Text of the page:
Life saving medicine doesn’t like hot temperatures, which makes it hard to get it to the remote villages where it’s often most needed.
The amazing new Passive Vaccine Storage Device keeps health workers informed about its movements and its cargo, and keeps that cargo totally cool for 30 days.
Every year, over 1 million children die from diseases that are preventable with vaccines. The problem isn’t just that vaccines aren’t available. Even when they are, breakdowns in the refrigerated vaccine supply chain (aka the “cold chain”)–which often occur in areas where power is unreliable–make them unusable.
Global Good, a collaboration between Bill Gates and Intellectual Ventures, is pilot-testing a possible solution: the Passive Vaccine Storage Device, dubbed the “super-thermos” by Gates. The device, which has been in the works since 2008 (when Gates first challenged Intellectual Ventures to tackle the problem), keeps vaccines between zero and eight degrees Celsius for 30 to 60 days, depending on outside temperatures and humidity. That’s a big deal in many parts of the developing world, where health officials often see cold storage devices that can keep vaccines fresh for five days at the absolute maximum.
As you might guess from Gates’s nickname for the device, the super-thermos was inspired by the humble coffee thermos. “It’s a super-insulated, double-walled dewarthat holds the vaccine and ice in the middle in an inner bottle. A vacuum space separates it from the outer bottle, like a large coffee thermos,” says Kurt Armbruster, the project’s leader. The device features many layers of insulation in the vacuum space–the same insulation technology used to protect spacecraft from high temperatures.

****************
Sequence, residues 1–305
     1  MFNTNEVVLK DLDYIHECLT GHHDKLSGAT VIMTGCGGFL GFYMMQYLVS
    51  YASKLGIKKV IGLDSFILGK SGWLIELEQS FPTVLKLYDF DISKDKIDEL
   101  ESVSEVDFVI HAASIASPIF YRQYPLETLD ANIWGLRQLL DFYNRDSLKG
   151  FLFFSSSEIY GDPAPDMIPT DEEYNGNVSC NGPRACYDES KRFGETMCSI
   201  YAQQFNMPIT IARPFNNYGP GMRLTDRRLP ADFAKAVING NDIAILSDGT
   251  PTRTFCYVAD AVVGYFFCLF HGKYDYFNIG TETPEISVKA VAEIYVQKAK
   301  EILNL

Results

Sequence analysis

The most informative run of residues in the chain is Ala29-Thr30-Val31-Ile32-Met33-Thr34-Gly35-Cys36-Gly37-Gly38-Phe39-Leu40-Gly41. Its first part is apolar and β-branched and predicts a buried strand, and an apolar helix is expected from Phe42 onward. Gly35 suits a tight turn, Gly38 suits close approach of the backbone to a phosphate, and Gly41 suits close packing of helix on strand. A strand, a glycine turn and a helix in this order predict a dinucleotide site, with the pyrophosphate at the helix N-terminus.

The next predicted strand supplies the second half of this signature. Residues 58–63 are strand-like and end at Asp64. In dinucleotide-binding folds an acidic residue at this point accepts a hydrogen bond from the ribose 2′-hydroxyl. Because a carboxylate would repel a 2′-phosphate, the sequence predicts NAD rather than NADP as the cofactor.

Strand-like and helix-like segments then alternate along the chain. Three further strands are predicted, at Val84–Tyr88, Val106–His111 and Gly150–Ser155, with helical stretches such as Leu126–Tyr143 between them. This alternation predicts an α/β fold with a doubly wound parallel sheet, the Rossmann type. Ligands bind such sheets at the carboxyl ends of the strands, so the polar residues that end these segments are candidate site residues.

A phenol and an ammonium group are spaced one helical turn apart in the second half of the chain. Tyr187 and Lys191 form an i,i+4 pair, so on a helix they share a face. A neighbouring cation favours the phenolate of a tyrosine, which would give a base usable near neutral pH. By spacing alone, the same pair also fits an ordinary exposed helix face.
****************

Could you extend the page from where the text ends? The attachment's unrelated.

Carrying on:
If health officials are going to spend big bucks for something–the device costs $1,100–they’ll want to know if it’s being used correctly. So Global Good built in sensors and SMS capabilities for officials to keep track of the super-thermos’s location, interior temperature, exterior temperature, how long it has been opened, and for how long.
There are three layers to the capabilities: a simple temperature monitoring system inside and outside the device that logs data every 15 minutes and can be monitored when health workers plug in a USB stick; an SMS antenna and SMS telemetry system that dials out to a local phone number every night at midnight and sends a summary of the day’s temperatures, location, and statistics about how long and when it has been opened; and a GPS sensor that allows officials to track where the units are at any given time. Every device comes with all the feature sets, though Global Good says it will probably sell the super-thermoses in a basic and “plus” version.
via FastCoExist – ARIEL SCHWARTZ
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